Ukrainian and Russian officials will meet again next week in an effort to settle their dispute over natural gas supplies that threatens to leave Ukraine short of heating fuel for the coming winter. VOA’s Al Pessin reports from London the dispute is complex, and has both economic and geopolitical dimensions.
Video

Video Smugglers Offer Cheap Passage From Turkey to Syria

Smugglers in Turkey offer a relatively cheap passage across the border into Syria. Ankara has stepped up efforts to stem the flow of foreign fighters who want to join Islamic State militants fighting for control of the Syrian border city of Kobani. But porous borders and border guards who can be bribed make illegal border crossings quite easy. Zlatica Hoke has more.
Video

Video Comanche Chief Quanah Parker’s Century-Old House Falling Apart

One of the most fascinating people in U.S. history was Quanah Parker, the last chief of the American Indian tribe, the Comanche. He was the son of a Comanche warrior and a white woman who had been captured by the Indians. Parker was a fierce warrior until 1875 when he led his people to Fort Sill, Oklahoma, and took on a new, peaceful life. As VOA’s Greg Flakus reports from Cache, Oklahoma, Quanah’s image remains strong among his people, but part of his heritage is in danger of disappearing.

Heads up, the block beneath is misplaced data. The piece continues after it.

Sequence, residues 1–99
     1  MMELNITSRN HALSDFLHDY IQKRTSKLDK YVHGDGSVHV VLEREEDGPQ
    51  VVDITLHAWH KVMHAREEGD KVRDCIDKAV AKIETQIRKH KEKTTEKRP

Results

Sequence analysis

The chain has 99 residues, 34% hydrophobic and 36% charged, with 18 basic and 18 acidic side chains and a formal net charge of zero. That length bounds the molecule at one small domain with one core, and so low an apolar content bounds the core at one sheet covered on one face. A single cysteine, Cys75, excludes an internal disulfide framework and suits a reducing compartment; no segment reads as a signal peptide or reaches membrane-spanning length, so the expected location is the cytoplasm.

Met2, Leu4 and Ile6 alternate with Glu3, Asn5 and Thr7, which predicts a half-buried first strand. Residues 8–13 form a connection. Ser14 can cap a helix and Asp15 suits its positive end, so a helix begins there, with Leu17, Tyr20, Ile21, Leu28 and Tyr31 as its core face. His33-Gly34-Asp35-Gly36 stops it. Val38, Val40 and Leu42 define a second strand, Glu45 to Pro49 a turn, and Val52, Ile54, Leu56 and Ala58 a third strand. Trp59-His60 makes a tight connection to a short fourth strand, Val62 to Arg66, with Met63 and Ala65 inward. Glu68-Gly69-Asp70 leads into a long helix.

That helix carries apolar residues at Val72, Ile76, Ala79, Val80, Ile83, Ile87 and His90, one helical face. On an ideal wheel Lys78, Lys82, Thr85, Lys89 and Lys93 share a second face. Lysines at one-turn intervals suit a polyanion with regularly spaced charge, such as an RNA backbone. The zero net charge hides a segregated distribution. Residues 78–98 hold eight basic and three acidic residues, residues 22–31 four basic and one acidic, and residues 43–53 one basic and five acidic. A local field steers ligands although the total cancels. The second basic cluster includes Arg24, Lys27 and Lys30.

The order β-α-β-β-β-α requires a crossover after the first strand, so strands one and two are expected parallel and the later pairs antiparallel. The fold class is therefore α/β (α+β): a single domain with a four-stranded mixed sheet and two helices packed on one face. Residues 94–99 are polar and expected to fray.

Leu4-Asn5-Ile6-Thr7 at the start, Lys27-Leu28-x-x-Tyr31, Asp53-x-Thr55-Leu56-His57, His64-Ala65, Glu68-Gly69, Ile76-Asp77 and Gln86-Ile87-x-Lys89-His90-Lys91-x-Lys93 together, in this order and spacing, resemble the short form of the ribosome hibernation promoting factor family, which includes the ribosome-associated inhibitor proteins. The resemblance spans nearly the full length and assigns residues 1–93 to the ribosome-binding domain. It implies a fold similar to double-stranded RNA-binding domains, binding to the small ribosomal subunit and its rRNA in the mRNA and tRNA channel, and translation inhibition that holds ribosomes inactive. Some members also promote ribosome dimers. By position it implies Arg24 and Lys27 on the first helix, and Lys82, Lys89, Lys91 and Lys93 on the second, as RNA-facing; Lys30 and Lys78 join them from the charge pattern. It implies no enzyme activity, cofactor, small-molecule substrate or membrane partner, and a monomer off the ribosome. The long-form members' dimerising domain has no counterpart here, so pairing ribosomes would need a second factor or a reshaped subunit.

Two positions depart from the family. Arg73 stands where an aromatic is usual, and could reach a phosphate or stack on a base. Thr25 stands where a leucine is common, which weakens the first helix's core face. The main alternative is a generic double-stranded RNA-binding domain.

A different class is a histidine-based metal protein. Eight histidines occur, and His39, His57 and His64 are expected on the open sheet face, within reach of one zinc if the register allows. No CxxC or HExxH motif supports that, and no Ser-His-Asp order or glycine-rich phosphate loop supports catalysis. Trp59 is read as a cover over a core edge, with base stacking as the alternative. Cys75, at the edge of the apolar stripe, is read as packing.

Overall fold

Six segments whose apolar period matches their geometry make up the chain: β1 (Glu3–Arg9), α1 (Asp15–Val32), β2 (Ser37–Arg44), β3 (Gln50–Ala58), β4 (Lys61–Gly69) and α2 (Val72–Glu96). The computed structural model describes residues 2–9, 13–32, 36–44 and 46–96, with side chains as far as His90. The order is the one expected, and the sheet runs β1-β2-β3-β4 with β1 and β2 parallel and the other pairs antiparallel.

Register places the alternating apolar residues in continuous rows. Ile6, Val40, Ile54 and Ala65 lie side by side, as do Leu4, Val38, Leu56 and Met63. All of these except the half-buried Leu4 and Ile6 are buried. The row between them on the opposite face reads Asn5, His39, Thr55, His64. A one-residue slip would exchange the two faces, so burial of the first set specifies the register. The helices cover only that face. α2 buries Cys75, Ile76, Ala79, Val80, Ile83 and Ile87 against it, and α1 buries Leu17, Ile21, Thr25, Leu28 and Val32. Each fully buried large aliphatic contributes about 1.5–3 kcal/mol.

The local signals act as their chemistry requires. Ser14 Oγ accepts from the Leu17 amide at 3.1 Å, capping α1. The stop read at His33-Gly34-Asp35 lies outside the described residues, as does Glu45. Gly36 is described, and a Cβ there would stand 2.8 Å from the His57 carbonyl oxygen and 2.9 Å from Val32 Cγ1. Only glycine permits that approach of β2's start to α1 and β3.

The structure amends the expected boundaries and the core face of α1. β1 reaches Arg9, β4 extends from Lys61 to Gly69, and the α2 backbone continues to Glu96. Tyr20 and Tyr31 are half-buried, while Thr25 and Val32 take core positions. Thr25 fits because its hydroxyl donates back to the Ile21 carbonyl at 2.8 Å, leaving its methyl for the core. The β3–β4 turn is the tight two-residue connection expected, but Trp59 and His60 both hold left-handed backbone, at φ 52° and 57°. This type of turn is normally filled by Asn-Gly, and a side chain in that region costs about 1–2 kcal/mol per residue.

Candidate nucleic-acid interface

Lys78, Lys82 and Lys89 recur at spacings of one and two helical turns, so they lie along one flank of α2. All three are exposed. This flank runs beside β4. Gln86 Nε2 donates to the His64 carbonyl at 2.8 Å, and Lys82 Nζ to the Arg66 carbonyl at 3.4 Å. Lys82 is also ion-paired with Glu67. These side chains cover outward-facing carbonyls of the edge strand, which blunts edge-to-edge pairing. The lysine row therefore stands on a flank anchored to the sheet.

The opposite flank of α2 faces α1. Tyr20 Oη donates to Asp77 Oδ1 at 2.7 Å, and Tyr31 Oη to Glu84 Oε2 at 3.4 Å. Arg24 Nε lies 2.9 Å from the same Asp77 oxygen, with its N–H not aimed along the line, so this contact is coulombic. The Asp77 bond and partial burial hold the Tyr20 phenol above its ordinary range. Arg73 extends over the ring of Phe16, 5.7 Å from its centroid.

Video

Video China Political Meeting Seeks to Improve Rule of Law

China’s communist leaders will host a top level political meeting this week, called the Fourth Plenum, and for the first time in the party’s history, rule of law will be a key item on the agenda. Analysts and Chinese media reports say the meetings could see the approval of long-awaited measures aimed at giving courts more independence and include steps to enhance an already aggressive and high-reaching anti-corruption drive. VOA’s Bill Ide has more from Beijing.
Video

Video After Decades of Pressure, Luxembourg Drops Bank Secrecy Rules

European Union finance ministers have reached a breakthrough agreement that will make it more difficult for tax cheats to hide their money. The new legislation, which had been blocked for years by countries with a reputation as tax havens, was approved last week after Luxembourg and Austria agreed to lift their vetoes. But as Mil Arcega reports, it doesn’t mean tax cheats have run out of places to keep their money hidden.
Video

Video Kobani Refugees Welcome, Turkey Criticizes, US Airdrop

Residents of Kobani in northern Syria have welcomed the airdrop of weapons, ammunition and medicine to Kurdish militia who are resisting the seizure of their city by Islamic State militants. The Turkish government, however, has criticized the operation. VOA’s Scott Bobb reports from southeastern Turkey, across the border from Kobani.
Video

Video US ‘Death Cafes’ Put Focus on the Finale

In contemporary America, death usually is a topic to be avoided. But the growing “death café” movement encourages people to discuss their fears and desires about their final moments. VOA’s Jerome Socolovsky reports.
Video

Video Ebola Orphanage Opens in Sierra Leone

Sierra Leone's first Ebola orphanage has opened in the Kailahun district. Hundreds of children orphaned since the beginning of the Ebola outbreak face stigma and rejection with nobody to care for them. Adam Bailes reports for VOA about a new interim care center that's aimed at helping the growing number of children affected by Ebola.

All About America

AppleAndroid